• Proposed
  • Under Assessment
  • Preliminary Assessed
  • VUAssessed
  • Published

Amauroderma renidens (Bres.) Torrend

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Scientific name
Amauroderma renidens
(Bres.) Torrend
Common names
IUCN Specialist Group
Mushroom, Bracket and Puffball
Assessment status
Proposed by
MIND.Funga Initiative
Felipe Bittencourt, E. Ricardo Drechsler-Santos, Thiago Kossmann, Kelmer Martins da Cunha, Diogo Rezende, Gerardo Robledo
Comments etc.
MIND.Funga Initiative, James Westrip
Gregory Mueller

Assessment Notes


This conspicuous Amauroderma species is known from only three disjunct sites in Brazil. However, it is expected to occur over a wider area. Despite this it is likely to be rare, given how other Amauroderma species are more commonly found. In total the population size is estimated to be in the range 4,000-8,000 mature individuals, split into multiple subpopulations. A continuing decline in population size is inferred to be occurring as there has been extensive habitat loss and degradation in areas of its range. Therefore, A. renidens is listed as Vulnerable under criterion C2a(i).

Taxonomic notes

Amauroderma renidens (Bres.) Torrend 1920
≡ Ganoderma renidens Bres. 1896
≡ Fomes renidens (Bres.) Sacc. & P. Syd. 1899

Why suggested for a Global Red List Assessment?

Since its proposition in 1896, Amauroderma renidens (Bres.) Torrend (as Ganoderma renidens Bres), was recorded only 3 times, and, thus, it is a very rare polypore. This species was collected in 2 localities in Atlantic Forest domain, one of most threatened ecosystems in Brazil, and in one locality in Pantanal, representing 3 known subpopulations. These rare occurrences associated to general threats in Brazilian ecosystems justify the consideration of this species under IUCN criteria.

Geographic range

The species is currently known from three disjunct sites in Brazil. It has been found in Santa Catarina state in Blumenau municipality (Bresadola 1896, type locality), and in Bahia state in Gongogi municipality (Torrend 1940, Góes-Neto 1999), both in the Atlantic Rain Forest domain. The third record is from Rio Negro municipality, Mato Grosso do Sul State, in a private property (Fazenda Santa Emília), in the southern part of the Pantanal domain, very close to the Cerrado domain (Bononi et al. 2008). The species likely occurs also in the Cerrado domain. The known sites of occurrence are very distant from each other, with approximately 1,800 km between Rio Negro and Gongogi, and 1,050 km between Blumenau and Rio Negro.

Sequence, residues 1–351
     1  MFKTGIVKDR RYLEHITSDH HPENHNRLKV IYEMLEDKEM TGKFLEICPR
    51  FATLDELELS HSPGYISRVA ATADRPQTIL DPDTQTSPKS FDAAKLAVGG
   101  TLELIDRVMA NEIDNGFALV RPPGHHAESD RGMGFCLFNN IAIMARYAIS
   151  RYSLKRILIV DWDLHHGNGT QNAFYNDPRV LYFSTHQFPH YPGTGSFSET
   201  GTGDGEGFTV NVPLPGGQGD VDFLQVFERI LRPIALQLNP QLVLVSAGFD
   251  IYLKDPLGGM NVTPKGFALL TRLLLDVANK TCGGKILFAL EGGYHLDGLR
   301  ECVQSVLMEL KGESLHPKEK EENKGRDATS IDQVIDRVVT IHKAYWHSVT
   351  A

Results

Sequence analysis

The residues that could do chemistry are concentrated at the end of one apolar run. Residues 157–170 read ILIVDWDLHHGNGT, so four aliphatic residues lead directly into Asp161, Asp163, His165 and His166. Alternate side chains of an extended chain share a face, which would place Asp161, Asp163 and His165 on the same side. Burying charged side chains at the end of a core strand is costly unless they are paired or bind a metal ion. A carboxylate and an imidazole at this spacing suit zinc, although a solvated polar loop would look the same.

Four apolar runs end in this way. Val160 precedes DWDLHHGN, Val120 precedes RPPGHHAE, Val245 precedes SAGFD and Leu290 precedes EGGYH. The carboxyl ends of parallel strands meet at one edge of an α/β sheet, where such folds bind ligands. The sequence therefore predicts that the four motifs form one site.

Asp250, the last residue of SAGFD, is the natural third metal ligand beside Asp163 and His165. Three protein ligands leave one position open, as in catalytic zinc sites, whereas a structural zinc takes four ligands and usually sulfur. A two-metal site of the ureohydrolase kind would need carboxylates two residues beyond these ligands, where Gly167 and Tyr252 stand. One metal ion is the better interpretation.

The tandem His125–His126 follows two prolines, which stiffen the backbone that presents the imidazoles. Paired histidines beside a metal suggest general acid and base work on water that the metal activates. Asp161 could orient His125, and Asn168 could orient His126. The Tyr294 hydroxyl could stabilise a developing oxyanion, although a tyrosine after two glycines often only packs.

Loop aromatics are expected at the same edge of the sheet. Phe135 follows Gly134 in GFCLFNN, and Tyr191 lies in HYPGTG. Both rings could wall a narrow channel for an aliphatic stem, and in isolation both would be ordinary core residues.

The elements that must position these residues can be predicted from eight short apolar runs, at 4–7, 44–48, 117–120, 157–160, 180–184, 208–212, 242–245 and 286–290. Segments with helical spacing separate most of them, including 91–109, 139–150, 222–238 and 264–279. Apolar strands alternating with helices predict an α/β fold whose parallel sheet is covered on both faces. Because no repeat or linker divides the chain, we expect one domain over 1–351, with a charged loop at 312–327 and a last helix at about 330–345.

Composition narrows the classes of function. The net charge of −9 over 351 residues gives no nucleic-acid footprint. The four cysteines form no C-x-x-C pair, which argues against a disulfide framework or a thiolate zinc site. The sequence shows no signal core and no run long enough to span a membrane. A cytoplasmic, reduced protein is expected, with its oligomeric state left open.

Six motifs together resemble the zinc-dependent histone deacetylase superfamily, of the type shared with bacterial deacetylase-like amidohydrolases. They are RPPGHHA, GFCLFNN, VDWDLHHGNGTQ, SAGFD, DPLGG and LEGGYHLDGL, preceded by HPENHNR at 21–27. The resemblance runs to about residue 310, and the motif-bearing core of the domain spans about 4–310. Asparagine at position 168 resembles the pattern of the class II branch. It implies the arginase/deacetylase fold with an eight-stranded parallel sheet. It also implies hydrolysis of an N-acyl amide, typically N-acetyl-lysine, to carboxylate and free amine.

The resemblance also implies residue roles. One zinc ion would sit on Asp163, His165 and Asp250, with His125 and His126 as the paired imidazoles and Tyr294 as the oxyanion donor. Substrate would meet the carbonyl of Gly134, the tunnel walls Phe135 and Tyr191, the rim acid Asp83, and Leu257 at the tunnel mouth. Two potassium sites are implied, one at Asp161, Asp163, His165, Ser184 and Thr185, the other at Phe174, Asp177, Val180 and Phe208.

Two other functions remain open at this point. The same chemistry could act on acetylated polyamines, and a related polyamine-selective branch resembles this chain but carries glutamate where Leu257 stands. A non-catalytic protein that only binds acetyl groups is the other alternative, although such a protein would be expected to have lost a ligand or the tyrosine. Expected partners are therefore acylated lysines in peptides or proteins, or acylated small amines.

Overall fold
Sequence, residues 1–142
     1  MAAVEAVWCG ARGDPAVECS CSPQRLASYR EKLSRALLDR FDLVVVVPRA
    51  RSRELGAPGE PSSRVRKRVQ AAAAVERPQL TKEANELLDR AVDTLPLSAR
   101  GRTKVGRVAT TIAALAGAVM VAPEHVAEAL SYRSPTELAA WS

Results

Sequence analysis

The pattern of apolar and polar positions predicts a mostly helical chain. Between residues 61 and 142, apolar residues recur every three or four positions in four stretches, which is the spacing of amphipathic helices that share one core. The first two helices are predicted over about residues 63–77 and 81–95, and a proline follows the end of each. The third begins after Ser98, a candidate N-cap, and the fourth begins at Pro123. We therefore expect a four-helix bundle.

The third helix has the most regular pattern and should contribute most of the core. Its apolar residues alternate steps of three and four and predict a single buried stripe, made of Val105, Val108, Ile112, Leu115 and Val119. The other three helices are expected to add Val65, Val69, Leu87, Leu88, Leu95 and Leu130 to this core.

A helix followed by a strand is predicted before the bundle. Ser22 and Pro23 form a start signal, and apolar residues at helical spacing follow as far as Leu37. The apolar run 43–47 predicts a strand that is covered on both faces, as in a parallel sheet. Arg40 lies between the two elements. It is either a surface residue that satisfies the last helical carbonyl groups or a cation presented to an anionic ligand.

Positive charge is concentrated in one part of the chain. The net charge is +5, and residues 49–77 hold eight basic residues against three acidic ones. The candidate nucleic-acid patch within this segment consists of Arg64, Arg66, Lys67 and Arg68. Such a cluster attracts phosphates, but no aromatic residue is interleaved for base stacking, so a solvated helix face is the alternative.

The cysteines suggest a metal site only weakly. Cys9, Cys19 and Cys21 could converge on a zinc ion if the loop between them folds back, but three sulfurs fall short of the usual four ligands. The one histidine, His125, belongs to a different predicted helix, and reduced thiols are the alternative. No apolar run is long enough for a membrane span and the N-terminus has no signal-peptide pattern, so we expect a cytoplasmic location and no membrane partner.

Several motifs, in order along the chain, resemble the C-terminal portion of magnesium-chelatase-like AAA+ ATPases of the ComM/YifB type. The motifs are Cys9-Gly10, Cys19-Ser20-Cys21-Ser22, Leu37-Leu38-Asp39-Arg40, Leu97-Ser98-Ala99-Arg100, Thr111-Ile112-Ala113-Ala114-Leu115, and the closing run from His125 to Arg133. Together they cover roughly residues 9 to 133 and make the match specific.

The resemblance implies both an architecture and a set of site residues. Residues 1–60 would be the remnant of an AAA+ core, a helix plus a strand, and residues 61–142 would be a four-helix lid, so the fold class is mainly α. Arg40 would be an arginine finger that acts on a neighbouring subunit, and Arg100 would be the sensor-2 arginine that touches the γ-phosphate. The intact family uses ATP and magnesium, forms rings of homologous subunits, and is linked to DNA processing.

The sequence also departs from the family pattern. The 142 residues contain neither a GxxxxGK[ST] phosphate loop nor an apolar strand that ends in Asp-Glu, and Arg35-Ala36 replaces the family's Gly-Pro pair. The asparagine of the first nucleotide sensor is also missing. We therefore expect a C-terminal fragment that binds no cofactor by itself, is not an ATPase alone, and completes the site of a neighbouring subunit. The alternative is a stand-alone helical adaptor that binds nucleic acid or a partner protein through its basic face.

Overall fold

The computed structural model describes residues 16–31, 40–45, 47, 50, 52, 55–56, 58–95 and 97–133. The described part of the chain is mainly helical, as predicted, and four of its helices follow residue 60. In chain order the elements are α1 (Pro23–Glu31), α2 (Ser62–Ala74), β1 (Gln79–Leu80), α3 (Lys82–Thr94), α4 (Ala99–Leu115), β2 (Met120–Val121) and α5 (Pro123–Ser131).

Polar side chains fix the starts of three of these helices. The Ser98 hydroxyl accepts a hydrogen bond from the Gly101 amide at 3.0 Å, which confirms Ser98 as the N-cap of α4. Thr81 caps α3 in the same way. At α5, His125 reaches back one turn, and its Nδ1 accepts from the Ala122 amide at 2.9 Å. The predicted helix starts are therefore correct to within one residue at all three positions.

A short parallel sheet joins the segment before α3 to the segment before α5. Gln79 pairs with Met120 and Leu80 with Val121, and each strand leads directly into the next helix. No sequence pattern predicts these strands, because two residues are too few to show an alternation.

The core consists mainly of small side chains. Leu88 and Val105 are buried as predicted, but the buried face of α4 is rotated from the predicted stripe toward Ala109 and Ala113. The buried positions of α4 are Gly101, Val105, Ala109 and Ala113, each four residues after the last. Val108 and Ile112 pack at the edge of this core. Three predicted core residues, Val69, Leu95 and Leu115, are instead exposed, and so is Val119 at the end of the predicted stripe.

Population and Trends

The known sites of Amauroderma renidens represent only 3 records across 2 different phytogeographic domains in Brazil, the Atlantic Forest and Pantanal. The species likely occurs also in the Cerrado domain, but has not been recorded. The known records exhibit a disjunct distribution. In areas that have been intensively sampled, the species is rarely encountered and the assumption is that it is rare throughout its range. Because of the large area of potential suitable habitat, around 1,000 sites of occurrence are estimated. Also, considering its rarity, each site is estimated to contain only 4-8 mature individuals. Total population size is estimated at 4,000-8,000 mature individuals, split into multiple subpopulations, none of which would contain >1,000 mature individuals.

Although the Pantanal and the Cerrado are ecosystems with a largely understudied Funga, the Atlantic Forest has the longest mycological history in the country, and several studies on the diversity and taxonomy of macrofungi have been carried in the domain, especially in southern Brazil. Other Amauroderma spp. are found regularly throughout this range, so the scarcity of records of A. renidens is likely due to the rarity of this conspicuous polypore.

Nevertheless, the number of sites could be smaller than estimated, as areas where the species has been found in Atlantic Forest have been historically deforested, and this domain has only 28% of its original coverage remaining, mainly composed by forest fragments (Myers 2000, Tabarelli et al. 2010, Rezende 2018). Although the Pantanal is a considerably better-preserved ecosystem in Brazil, the accumulated deforestation in the biome is almost 20%, with an average of 0.33% habitat loss per year in recent years (Silva et al. 2011, SOS Pantanal 2017). The Cerrado has lost over half of its more than 2 million square kilometers, mainly in the last 50 years (Rocha et al. 2011, INPE 2020). Most of this habitat loss happened in the southern parts of the Cerrado, closer to where the species is known to occur. The deforestation rates in the biome has decreased in the last decade, stabilizing to 0.33% per year in 2018 and 2019 (INPE 2020), but are expected to increase due to current political trends of loosening environmental policies and legislation. On top of that, only 8.3% of the Cerrado’s area is currently under protection in conservation units (Françoso et al. 2015).

Overall, due to the past and ongoing decline in its habitat cover and quality, the species’ population decline is suspected to be at least of 10% in the next 20 years.